International Atomic Energy Agency panel has given Lynas the all clear sign but they would have to comply with the recommendations made by them.
The RM700 million rare earth plant will be allowed to proceed as long as they comply with recommendations made with by the nine-man International Atomic Energy Agency (IAEA) panel who reviewed the plant.
The IAEA panel recommended 11 improvements to be implemented before awarding Lynas further licences, including the one the miner needs to start pre-operations.
“The review team was not able to find any non-compliance with international radiation safety standards,” said Tero Varjoranta, the leader of the panel.
“However, we indentified 11 issues for which improvements are necessary,” he said.
Of the eleven issues, seven are technical and three are communications recommendations.
“We have to engage more – and we’ve done a lot already,” said Ministry of International Trade and Industry (MITI) secretary-general Rebecca Sta Maria.
The technical recommendations are submitting a plan to deal with long-term waste management, a plan for managing the waste from the decommissioning and dismantling of the plan at the end of its life
Constant exposure and environmental monitoring, the establishment of a fund by Lynas to cover the cost of waste management, controlling scheduled waste.
On the government’s side ,the Atomic Energy Licensing Board (AELB) will be able to serve as a Lynas watchdog, and establish a programme for regularly updating Lynas regulations to match the most recent international standards.
“There was no question about not meeting standards,” said AELB director-general Raja Abdul Aziz Raja Adnan. “If there are any indications of leakages or noncompliance, or failure of the plant, then we will be able to stop the operation.”
The panel’s recommendations call for the AELB to enhance transparency and visibility of its regulatory actions, and for Lynas to engage the public more to demonstrate how it will ensure radiological safety of the people and environment.
The final point demands that the Malaysian government to prepare an action plan to address the eleven previous recommendations, complete with time schedule.
“We will follow recommendations to the (letter) T,” said Sta Maria, saying the project would only continue when all requirements had been met.
She added that the project would draw business into Malaysia.“Not just employees, but value added to exports – we must consider the fact that this is a strategic industry which draws in other industries.”
Lynas gross profit
Sta Maria said that out of the Lynas gross profits, 1% would go to R&D, and that “half of that is for decommissioning”.
Decommissioning requires dismantling the plant with special precautions so that once the faculty is dismantled, there should no longer be any risk of radioactive accidents occurring.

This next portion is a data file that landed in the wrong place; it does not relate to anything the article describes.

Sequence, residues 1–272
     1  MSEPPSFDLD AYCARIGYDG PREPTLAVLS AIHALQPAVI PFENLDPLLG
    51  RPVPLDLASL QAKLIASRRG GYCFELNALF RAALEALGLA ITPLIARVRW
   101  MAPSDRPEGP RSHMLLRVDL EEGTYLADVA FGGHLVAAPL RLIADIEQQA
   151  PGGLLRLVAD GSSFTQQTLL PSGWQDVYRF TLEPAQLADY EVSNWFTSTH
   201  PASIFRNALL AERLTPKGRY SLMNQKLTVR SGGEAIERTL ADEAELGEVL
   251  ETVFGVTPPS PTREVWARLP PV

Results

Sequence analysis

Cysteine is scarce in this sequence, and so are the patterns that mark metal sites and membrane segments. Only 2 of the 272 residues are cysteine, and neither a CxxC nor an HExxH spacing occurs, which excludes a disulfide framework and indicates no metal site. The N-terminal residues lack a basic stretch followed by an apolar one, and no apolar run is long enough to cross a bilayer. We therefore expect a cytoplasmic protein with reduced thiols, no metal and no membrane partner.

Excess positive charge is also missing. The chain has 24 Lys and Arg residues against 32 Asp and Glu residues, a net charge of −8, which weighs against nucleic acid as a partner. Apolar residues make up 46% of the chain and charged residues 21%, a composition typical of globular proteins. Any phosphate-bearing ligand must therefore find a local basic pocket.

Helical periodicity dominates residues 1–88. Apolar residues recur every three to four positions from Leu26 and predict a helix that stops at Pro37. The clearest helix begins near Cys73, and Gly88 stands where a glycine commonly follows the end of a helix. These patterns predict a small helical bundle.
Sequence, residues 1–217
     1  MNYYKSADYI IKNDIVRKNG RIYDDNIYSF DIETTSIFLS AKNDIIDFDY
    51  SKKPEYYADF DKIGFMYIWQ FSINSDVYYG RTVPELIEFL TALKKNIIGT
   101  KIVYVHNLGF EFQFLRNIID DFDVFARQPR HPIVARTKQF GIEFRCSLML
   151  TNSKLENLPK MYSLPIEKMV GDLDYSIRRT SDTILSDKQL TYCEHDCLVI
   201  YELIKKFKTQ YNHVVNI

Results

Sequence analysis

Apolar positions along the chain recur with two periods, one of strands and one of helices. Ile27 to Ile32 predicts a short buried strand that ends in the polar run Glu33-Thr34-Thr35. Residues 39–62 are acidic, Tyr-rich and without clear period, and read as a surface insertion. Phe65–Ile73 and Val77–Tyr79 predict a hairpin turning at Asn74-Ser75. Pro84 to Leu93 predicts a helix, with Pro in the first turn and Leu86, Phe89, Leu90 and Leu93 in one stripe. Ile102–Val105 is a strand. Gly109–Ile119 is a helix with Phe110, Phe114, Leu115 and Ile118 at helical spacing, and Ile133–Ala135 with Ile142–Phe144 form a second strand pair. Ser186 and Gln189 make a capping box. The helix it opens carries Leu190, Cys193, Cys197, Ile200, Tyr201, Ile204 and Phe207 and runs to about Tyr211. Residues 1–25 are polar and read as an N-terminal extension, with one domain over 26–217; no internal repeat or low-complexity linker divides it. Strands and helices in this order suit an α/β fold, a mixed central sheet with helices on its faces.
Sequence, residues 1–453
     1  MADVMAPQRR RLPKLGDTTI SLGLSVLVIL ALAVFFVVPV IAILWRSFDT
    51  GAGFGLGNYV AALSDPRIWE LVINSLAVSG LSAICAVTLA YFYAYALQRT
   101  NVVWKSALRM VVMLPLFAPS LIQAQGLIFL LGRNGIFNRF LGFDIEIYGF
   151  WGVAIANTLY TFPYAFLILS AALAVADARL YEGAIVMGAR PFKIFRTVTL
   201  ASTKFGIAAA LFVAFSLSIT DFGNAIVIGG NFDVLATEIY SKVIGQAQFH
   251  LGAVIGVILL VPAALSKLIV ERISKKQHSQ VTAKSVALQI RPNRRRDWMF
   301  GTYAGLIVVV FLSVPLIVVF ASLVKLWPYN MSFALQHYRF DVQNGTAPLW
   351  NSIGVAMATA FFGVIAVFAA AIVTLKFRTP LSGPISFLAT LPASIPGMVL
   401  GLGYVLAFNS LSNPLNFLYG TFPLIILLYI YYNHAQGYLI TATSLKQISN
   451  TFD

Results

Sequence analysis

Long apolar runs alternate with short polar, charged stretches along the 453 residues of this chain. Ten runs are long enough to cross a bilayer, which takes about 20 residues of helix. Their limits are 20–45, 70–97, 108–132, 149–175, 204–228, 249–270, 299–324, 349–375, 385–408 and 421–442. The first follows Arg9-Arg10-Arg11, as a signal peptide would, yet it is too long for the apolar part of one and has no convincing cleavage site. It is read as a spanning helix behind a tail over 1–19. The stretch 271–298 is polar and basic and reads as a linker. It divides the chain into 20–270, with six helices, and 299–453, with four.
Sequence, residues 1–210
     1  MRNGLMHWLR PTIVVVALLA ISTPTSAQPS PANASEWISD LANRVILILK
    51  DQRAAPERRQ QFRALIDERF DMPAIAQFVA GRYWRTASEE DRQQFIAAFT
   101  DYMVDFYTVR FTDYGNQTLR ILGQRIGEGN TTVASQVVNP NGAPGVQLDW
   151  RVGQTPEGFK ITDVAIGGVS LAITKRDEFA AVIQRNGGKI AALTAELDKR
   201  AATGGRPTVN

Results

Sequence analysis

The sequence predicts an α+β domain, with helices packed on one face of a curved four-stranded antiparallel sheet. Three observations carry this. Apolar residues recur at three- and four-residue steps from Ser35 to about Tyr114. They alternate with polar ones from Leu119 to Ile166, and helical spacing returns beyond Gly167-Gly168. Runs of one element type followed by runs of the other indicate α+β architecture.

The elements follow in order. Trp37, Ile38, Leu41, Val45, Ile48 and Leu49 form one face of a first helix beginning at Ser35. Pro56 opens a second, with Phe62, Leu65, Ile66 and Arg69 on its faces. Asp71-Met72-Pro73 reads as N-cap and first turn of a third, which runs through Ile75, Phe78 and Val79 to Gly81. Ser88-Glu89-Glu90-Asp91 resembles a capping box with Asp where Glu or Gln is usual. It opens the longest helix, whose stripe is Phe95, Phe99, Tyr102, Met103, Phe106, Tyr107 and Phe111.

Raja Aziz said that Lynas would have to provide a second radiological impact assessment, as the first one was incomplete.
The current RIA only covers the first two stages of siting and construction, and doesn’t take into account pre-operations, operations, or decommissioning.
Currently the Lynas plant, which is 40% complete, has only received licenses for the first two stages.
When asked if the government would have to compensate Lynas if the plant failed, Sta Maria merely said that there were “investment agreements”.
“The future will be decided by facts and reason, not emotions and politics. We will cross that bridge when we come to it.” she said.
She also refused to touch on the the New York Times report today, which claimed that the plant was plagued by environmentally hazardous construction and design problems, citing internal memos from current and former engineers on the project.
According to the NYT, the problems detailed were structural cracks, air pockets and leaks in many of the concrete shells for 70 containment tanks, some of which are larger than double-decker buses.
Engineers also accused Lynas of cutting corners by using products of a substandard quality, such as normal concrete instead of the costlier polymer concrete used in Western refineries.
An engineer involved in the project said that the blueprints called for the plastic waterproofing but that he was ordered to omit it, to save money. The plastic costs US$1.60 (RM4.80) a square foot, he said.
Lynas disputes that the design ever called for using the plastic. The RM700 million refinery is being constructed by Australia’s Lynas Corp, which plans to ship rare earth ore mined from Western Australia’s Mount Weld to the Gebeng plant in Kuantan.
Rare earth metals, crucial to high technology products such as Boeing airplanes, smart bombs, Apple’s iPhone and the Toyota Prius, have become increasingly vital.
However, the rare earth plant has evoked fears of radiation contamination. Following this the government had called for experts from the IAEA to form an independent panel to review the health, environmental and safety aspects of Lynas’ plant.
Lynas anticipates revenue of RM8 billion per year from 2013 onwards,and will enjoy a 12 year tax break – what MITI described as a standard investment agreement.